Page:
Evanescence Tickets for Sale

Although the band's name may suggest a sudden vanishing, the music of Evanescence is ready for the long run. Fallen, debut of this talented group from Little Rock, Arkansas, is an emotional, ethereal work of undeniable potency guided by the heavenly vocals of Amy Lee. "We're definitely a rock band," says the 20-year-old Lee. "But the twist is that the band's music is epic, dramatic, dark rock."
Co-founders Lee and guitarist/songwriter Ben Moody met while in their early teens. "We were at a youth camp," Moody recalls. "During some sort of recreational period held in a gymnasium, I heard Amy playing Meat Loaf's 'I'd Do Anything for Love' at the piano. So I went over to talk to her, and she started singing for me. I was very impressed, so I talked her into joining a band with me." Since that day, the musical relationship has remained completely loyal. "We have basically the same vision in what we love about music," Moody says. "When it comes to songwriting, we finish each other's thoughts."
Evanescence first took form in Little Rock at the end of the '90s. Predictably, the band didn't quite fit the mold of most others lingering around the Midwestern state. "It's typically death metal or really soft, older-people music there," says Lee. "I don't even know of any local bands that have female singers."
Influenced by a wide-ranging collection of artists such as Bjork, Danny Elfman and Tori Amos, the band started releasing EPs of its material. Even without the benefit of touring, Evanescence began to establish a reputation. "A lot of it developed by being elusive," Moody remembers. "The second song we ever wrote was this seven-minute, ridiculous Goth anthem called 'Understanding.' And for some reason, the local rock station decided to play it a lot. We gained this popularity around town, even though no one knew who we were or where to find us. It was because we couldn't afford to play a show -- it was just Amy and I -- and we couldn't pay any musicians."
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Dec 16 Sat 8:00 PM Evanescence Masonic Auditorium At Nob Hill Masonic Center
San Francisco, CA
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Dec 19 Tue 8:00 PM Evanescence Arlene Schnitzer Concert Hall
Portland, OR
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Fallen was tracked in Los Angeles with producer Dave Fortman (Boysetsfire, Superjoint Ritual). The album successfully finds that intangible balance between the ups and downs that people face. Typical of the record is the first single, "Bring Me To Life," a piano ballad-turned-riff-driven barnburner. Highlighted by a guest vocal from Paul McCoy of 12 Stones, the song is featured prominently in the Daredevil film and soundtrack. "'Bring Me To Life' is about finding something or someone that awakens a feeling inside them that they've never had before," says Moody. He continued, "You discover there is a world that is bigger than just your safe bubble." Also significant is the vibrant anthem "Tourniquet" and the eerie "Haunted," with its pummeling beats and jarring melodies. Of the latter, Moody asserts, It's the song that represents us the most.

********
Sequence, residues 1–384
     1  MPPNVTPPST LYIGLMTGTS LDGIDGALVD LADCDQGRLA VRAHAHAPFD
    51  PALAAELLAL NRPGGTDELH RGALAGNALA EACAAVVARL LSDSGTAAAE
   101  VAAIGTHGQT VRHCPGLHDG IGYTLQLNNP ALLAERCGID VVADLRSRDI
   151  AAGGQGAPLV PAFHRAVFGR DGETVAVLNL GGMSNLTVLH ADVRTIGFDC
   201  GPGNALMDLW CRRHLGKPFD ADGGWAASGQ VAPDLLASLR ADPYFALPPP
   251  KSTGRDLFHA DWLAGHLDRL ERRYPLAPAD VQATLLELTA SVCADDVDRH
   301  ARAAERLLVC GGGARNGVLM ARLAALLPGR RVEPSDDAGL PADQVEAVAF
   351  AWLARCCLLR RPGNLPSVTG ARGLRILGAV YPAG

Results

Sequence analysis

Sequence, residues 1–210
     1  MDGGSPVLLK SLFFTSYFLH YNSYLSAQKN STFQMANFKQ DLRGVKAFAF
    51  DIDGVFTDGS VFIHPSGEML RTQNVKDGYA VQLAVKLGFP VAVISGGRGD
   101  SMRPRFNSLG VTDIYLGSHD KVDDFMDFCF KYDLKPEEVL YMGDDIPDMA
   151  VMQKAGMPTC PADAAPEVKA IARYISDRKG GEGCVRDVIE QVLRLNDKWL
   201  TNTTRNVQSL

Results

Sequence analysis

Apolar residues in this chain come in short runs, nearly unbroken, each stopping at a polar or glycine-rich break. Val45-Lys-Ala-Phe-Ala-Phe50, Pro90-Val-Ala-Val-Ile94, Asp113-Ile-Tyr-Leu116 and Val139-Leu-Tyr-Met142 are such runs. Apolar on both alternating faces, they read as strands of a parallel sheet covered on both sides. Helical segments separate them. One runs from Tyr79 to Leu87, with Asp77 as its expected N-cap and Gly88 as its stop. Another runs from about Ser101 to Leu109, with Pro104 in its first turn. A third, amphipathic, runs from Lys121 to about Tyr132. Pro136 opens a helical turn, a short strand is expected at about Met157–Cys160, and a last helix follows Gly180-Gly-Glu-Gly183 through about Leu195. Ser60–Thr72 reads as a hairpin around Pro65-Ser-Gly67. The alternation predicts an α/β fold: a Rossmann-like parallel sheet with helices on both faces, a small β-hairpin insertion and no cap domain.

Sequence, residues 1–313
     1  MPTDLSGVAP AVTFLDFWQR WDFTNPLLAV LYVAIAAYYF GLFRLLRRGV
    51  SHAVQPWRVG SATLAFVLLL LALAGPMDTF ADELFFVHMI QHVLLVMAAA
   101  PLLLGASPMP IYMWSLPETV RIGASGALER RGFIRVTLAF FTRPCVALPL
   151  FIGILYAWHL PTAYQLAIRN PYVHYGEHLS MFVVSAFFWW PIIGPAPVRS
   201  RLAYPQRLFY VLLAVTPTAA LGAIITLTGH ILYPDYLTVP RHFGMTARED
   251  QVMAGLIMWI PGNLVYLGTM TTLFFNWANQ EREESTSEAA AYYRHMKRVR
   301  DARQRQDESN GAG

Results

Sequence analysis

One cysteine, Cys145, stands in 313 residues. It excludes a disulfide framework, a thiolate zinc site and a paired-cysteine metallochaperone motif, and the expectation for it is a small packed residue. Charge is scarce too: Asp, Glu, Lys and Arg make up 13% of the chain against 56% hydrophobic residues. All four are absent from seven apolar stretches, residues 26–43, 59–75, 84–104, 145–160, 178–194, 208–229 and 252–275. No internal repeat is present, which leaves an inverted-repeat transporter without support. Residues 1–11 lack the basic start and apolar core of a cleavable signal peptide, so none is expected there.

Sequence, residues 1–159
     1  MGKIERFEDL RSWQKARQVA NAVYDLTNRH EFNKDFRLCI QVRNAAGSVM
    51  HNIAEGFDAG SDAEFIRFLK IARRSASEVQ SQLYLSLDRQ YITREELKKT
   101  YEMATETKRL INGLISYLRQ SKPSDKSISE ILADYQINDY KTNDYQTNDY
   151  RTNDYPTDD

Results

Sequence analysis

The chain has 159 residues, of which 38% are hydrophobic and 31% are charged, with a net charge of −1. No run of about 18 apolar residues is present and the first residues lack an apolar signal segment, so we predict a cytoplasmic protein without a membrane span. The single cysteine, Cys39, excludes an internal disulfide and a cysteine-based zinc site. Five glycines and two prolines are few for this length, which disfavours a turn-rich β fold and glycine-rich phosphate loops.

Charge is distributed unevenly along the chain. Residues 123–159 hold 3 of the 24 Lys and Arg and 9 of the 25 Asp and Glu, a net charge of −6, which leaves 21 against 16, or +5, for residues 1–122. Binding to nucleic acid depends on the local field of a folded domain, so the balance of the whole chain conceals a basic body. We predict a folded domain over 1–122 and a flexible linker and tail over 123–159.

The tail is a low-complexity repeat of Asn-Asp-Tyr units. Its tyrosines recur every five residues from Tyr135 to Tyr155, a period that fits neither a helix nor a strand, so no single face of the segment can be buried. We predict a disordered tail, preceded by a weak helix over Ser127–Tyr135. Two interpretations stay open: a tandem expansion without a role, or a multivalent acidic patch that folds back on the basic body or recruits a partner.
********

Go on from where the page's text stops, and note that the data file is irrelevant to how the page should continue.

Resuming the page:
Lyrically, Evanescence explores dark, introspective themes of love, despair, and depression. But the group insists its fundamental message is a positive one. "The point of this whole record and band is to let people know that they're not alone in dealing with bad feelings or pain or anything that they go through," says Lee, who writes most of the words. "That's life and that's human. They're not alone, and we're going through it, too."
Live, Evanescence functions as a quartet with John LeCompt (guitar) and Rocky Gray (drums) rounding out the line-up. "As a four-piece, we are able to carry out the intricate harmonies and orchestrations of the memorable material on Fallen," Moody emphasizes. "We're very sincere about what we do. There's so much pre-packaged teen stuff these days in music. That's not us. We're not trying to sell an angle, we're just here writing from our heart."
Evanescence is here to stay and going to rock for many years to come. They are coming up on the tail end of their 18 month tour and are expected to release another album at the end of 2004. If you like evanescence you probably will like bands like Metallica, Marylin Manson, Three Doors Down, and Korn
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